By Yash Patel
When we announced back in 2018 that we had made an investment in the parent company of US esports team Team SoloMid (TSM), it raised a lot of eyebrows. It was a little different to our usual investments, plus esports was still seen as a niche interest and its participating teams not considered comparable to traditional sports franchises.
But that perception has changed – today esports is a key growth area in the interactive media space.
This trend can also be seen in another of our esports investments, Skillz, which in December became the first publicly-traded mobile esports platform. Skillz is poised to capitalise on the massive growth in mobile gaming, which it expects to more than double in value by 2025 to be worth $150 billion. It is planning new monetisation models and international expansion opportunities that will allow it to dramatically expand its addressable market.
Skillz is democratizing esports for everyone. Traditional esports has always been associated with PC and console gamers and more hardcore, first-person shooter and Battle Royale games. But it turns out that mobile esports is a massive opportunity, magnitudes larger than PC and Console gaming and with a more diverse user base. We are huge believers in the growth of esports for everyone, and investing in the platforms and digital brands that drive this acceleration to the mainstream.
In December, I took part in a webinar hosted by SVG Europe, supported by Telstra and Telstra Ventures, which examined the state of the esports industry: how it was unlocking new revenue streams and attracting new players and fans at a rapid rate.
On the webinar, Daniel Ahmad of Niko Partners provided data on the phenomenal recent growth of esports. The sector now generates more than $1 billion in revenue per year with Asia accounting for about half of this total. According to Niko, five of the top ten highest-grossing mobile games in Asia in 2019 were esports titles, with more than 500 million players in total and a similar-sized fanbase. The North American market is not far behind.
However, like most industries, esports has had to adapt to the pandemic. This meant that the showcase live events had to be suspended, but the sector has been hugely successful at pivoting to an online proposition – a testament to the broadcasting and content distribution innovation that has been the hallmark of esports tournaments in recent years.
Steve Jalicy of ESL, the world’s largest esports production company, explained on the webinar how ESL had actually managed to increase its number of tournaments this year as a consequence of going online. Jalicy estimated that more than 300 major esports tournaments were hosted in 2020, not including a huge longtail of smaller tournaments.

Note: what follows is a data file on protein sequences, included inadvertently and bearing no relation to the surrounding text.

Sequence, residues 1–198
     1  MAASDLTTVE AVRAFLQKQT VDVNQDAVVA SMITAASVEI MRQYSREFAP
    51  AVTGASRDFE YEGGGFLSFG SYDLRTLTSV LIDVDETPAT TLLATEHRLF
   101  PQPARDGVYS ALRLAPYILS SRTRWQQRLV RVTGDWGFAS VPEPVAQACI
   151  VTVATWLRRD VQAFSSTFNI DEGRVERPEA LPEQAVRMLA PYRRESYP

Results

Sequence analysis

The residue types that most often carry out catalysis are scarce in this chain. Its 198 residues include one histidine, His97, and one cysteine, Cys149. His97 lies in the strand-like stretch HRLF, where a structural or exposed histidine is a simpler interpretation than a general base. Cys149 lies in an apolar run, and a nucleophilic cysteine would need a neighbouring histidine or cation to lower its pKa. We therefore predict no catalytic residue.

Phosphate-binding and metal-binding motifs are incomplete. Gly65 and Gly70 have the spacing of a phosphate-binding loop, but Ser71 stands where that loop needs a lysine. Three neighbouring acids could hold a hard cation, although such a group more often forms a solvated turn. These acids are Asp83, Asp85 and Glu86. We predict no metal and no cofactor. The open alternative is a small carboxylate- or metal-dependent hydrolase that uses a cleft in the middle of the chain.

The pandemic had other impacts too. In the period where no traditional live sports were happening, we saw many broadcasters look to esports to fill a gap in the schedules. And the consumption habits of online gamers also witnessed change. Speaking on the webinar, Anna Lockwood (Head of Global Sales at Telstra Broadcast Services) explained how there were volume increases in gaming activity recorded on both Telstra’s domestic and international networks, although now consumers were gaming at all hours of the day.
Lockwood noted that Telstra has invested significantly to support these new trends, providing new gaming bundles for its Australian consumers, and working with gaming developers on an international basis to ensure its networks were able to support an optimised gaming experience.
We had an interesting discussion on what happens next. There will be an appetite for big in-person tournaments (such as ESL Cologne) to return, but the online experiences will be here to stay.
The industry is also reliant today on brand sponsorship and media rights, in the same way as traditional sports, but that could change as new revenue opportunities are realised. This could include betting, e-commerce and digital offerings. For example, one of Team SoloMid’s fastest-growing businesses right now is Blitz.gg, a player and coaching tool that allows TSM fans to improve their gaming skills.
And, finally, my esports prediction for 2021 will be that the teams and leagues start to organise along similar lines to traditional sports, allowing the market to break out from being seen as only a marketing platform for games publishers to becoming a fully-fledged sports and entertainment industry in its own right.
Watch the SVG Europe tech webinar in full here: